Imagine, for instance, a company deciding whether to build a new research laboratory in the United States. Normally, the company would calculate the expected after-tax profits from the laboratory, to determine if it would be a worthwhile investment. But because of the uncertainty about the future of the federal tax code, the company could be left with many key unanswered questions in the calculation.
Perhaps the company is a pass-through business, and has no idea whether it will be able to claim the section 199A deduction on the profits from the laboratory in 2026 and beyond. Maybe the company intends to use the laboratory to ramp up its research spending in the future, but doesn’t know if it will be able to fully deduct the money it spends on research after 2021. And perhaps the company already has a lot of debt, and is worried about whether investing in the laboratory could push it over the threshold for the interest deductibility limit, due to uncertainty about whether the calculation will be based on EBITDA or EBIT in 2022.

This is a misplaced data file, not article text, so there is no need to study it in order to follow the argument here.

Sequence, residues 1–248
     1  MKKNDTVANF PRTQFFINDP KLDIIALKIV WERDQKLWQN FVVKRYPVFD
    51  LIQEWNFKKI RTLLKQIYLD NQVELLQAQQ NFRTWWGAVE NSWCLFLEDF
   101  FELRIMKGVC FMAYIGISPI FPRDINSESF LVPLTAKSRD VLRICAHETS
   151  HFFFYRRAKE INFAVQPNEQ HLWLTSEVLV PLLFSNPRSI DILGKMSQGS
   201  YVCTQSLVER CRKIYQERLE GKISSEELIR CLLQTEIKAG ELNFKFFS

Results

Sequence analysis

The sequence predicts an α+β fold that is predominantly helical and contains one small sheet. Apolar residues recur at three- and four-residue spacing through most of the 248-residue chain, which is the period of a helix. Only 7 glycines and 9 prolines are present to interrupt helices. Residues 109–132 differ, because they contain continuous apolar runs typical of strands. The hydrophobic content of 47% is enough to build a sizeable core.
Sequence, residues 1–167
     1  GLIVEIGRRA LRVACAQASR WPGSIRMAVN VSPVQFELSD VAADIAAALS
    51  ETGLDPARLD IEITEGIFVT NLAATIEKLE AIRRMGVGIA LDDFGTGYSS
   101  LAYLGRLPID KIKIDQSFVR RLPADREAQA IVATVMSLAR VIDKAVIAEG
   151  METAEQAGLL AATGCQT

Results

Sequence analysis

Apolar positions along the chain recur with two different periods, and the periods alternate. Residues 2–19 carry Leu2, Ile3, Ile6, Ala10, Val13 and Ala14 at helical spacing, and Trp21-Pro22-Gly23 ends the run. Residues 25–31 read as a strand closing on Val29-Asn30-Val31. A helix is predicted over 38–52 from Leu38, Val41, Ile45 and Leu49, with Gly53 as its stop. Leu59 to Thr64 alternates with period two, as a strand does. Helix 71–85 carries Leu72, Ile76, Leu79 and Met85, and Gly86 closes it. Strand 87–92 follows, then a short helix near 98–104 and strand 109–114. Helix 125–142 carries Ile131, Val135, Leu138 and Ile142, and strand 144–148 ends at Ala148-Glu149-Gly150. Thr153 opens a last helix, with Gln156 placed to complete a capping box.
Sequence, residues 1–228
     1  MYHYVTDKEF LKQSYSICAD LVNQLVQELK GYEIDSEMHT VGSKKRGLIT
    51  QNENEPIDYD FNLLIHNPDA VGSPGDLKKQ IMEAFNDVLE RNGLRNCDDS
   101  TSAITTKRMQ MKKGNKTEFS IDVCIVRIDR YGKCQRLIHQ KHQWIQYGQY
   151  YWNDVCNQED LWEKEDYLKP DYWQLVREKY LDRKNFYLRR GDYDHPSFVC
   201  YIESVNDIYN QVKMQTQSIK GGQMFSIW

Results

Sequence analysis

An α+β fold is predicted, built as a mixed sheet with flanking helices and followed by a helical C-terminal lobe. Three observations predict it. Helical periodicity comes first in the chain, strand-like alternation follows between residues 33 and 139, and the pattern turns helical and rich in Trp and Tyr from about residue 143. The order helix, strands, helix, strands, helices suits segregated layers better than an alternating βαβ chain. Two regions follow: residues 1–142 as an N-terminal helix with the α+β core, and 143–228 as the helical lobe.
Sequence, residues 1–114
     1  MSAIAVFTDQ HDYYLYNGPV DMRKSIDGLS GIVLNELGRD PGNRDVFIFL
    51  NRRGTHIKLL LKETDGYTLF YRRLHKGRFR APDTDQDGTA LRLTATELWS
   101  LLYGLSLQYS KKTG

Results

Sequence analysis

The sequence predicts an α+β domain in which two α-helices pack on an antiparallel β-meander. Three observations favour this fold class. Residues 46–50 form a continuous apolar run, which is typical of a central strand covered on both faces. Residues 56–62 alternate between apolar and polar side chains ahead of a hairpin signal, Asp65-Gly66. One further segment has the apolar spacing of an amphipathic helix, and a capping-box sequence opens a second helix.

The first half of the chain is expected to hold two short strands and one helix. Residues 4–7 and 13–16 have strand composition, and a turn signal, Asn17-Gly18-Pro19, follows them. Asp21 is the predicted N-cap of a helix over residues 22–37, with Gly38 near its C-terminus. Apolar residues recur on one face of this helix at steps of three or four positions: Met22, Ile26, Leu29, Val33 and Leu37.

Until Congress makes a conclusive determination about which of the scheduled tax changes in TCJA will actually occur, businesses and households will face persistent uncertainty when making long-term economic decisions. As such, it would be good if congressional lawmakers could settle the status of the temporary provisions in TCJA as soon as possible – rather than waiting until the last minute, as Congress so often does.
In the coming months and years, lawmakers should carefully review the parts of the tax code that are scheduled to change, and should set priorities for which temporary provisions in TCJA are most important to make permanent. Indeed, if there is any silver lining to all of these temporary provisions, it is that they will give Congress the chance to revisit the federal tax code over the coming decade and the opportunity to improve on the portions of TCJA that may have been lacking.